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California Supreme Court Rules That “the California Rule remains the law of California” But Still Rejects the Pension Claims of Employees and Unions

   Published on:  30 Jul, 2020

This morning, the California Supreme Court issued its long-awaited decision in Alameda County Deputy Sheriffs’ Association v. Alameda County Employees’ Retirement Association. The 90-page opinion maintains the California Rule but found that the changes to PEPRA at issue in this case were constitutional:

With respect to the merits of plaintiffs’ constitutional claim, however, we hold that the challenged provisions added by PEPRA meet contract clause requirements. They were enacted for the constitutionally permissible purpose of closing loopholes and preventing abuse of the pension system in a manner consistent with CERL’s preexisting structure. Further, it would defeat this proper objective to interpret the California Rule to require county pension plans either to maintain these loopholes for existing employees or to provide comparable new pension benefits that would perpetuate the unwarranted advantages provided by these loopholes.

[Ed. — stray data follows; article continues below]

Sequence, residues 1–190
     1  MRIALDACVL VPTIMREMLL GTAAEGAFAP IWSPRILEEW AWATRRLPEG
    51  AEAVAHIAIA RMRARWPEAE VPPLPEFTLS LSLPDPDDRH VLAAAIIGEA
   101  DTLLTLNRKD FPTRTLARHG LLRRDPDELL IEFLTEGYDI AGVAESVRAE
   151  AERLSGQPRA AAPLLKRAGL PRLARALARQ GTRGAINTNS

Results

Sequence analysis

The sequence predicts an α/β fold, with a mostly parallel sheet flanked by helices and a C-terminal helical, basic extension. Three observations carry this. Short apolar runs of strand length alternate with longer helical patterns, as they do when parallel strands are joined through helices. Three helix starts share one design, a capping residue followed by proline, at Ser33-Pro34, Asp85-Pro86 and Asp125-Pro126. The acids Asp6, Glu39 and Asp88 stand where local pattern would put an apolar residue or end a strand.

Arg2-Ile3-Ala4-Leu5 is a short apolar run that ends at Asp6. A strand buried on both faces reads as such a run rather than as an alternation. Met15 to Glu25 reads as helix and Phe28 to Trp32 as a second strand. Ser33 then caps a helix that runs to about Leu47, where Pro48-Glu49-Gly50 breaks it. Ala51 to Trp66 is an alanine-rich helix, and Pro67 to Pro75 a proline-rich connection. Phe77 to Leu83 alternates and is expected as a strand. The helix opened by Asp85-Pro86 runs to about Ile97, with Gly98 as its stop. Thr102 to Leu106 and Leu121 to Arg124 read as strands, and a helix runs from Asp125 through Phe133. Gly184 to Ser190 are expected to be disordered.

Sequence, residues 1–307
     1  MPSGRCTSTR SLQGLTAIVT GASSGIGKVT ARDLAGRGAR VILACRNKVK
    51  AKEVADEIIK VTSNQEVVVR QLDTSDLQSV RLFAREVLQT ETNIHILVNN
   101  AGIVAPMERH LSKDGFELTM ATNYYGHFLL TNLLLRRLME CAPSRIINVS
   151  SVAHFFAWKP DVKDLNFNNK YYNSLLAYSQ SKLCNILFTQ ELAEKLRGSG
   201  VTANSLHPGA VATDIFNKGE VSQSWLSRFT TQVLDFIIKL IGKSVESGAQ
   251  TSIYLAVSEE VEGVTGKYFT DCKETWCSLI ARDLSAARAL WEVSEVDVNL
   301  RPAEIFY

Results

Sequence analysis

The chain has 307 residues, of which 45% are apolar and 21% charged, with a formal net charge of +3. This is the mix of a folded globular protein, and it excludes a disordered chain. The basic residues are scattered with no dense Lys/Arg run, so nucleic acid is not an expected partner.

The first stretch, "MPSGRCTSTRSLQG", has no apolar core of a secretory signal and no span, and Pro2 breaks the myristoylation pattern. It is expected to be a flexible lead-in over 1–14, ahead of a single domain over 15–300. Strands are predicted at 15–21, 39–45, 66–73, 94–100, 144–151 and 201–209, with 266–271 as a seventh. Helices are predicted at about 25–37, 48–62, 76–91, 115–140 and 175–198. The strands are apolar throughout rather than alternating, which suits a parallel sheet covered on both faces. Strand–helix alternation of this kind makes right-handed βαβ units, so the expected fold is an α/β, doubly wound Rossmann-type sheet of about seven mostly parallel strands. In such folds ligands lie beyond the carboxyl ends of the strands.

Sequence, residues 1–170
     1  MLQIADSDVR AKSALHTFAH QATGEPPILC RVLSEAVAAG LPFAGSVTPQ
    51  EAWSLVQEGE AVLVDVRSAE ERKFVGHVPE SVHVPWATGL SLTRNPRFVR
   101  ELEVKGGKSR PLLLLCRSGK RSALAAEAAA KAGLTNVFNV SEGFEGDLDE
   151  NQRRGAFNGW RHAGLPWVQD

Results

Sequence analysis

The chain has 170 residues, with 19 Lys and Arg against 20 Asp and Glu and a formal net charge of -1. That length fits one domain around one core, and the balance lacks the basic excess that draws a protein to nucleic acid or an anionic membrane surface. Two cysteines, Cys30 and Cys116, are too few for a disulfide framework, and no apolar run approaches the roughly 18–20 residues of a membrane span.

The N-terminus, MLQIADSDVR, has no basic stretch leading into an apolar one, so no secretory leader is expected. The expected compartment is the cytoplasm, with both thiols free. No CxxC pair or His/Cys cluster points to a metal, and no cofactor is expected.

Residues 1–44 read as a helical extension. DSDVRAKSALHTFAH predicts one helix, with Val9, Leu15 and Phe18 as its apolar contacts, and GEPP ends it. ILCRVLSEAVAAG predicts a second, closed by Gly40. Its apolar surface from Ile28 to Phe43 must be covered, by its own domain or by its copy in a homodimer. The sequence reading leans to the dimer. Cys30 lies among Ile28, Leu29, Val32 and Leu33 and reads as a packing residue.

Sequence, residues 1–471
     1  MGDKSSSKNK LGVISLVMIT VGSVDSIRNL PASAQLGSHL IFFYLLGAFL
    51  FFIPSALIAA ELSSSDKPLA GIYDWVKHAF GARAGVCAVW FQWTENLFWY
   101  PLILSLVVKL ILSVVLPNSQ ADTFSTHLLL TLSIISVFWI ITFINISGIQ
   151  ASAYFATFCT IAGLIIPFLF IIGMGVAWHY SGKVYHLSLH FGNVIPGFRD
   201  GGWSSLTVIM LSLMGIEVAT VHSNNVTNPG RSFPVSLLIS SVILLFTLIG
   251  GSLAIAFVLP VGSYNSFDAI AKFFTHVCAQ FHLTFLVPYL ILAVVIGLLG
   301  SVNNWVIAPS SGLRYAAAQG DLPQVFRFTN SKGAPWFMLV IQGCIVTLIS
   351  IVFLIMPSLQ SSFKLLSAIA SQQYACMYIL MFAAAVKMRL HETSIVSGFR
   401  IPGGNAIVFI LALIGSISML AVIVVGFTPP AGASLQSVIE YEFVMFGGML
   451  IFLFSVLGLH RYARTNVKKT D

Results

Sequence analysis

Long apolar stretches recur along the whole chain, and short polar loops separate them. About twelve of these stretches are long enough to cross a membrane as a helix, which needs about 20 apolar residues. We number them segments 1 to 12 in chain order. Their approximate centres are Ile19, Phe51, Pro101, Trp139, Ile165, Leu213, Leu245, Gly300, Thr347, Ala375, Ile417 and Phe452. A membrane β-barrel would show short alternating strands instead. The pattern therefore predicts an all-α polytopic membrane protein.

The Court also rejected plaintiffs’ claims that prior settlement agreements that were inconsistent with PEPRA could be relied upon by the plaintiffs and therefore claims of equitable estoppel were also rejected.

But the California Rule survives … for now.

The State, at least implicitly, and amicus curiae California Business Roundtable, explicitly, urge us to use this decision as an occasion to reexamine and revise the California Rule, arguing that the rule constitutes an improper interpretation of the contract clause and bad public policy. Because we conclude that PEPRA’s amendment of CERL did not violate the contract clause under a proper application of the California Rule, however, we have no jurisprudential reason to undertake a fundamental reexamination of the rule. The test announced in Allen I, as explained and applied here, remains the law of California.

Notwithstanding the Court’s statement that the California Rule survives, it has clearly taken some heavy blows in this case.

This is a long and complex opinion. We will provide an updated summary soon.

If you have any questions about this alert, please contact Gregg Adam in our San Francisco office.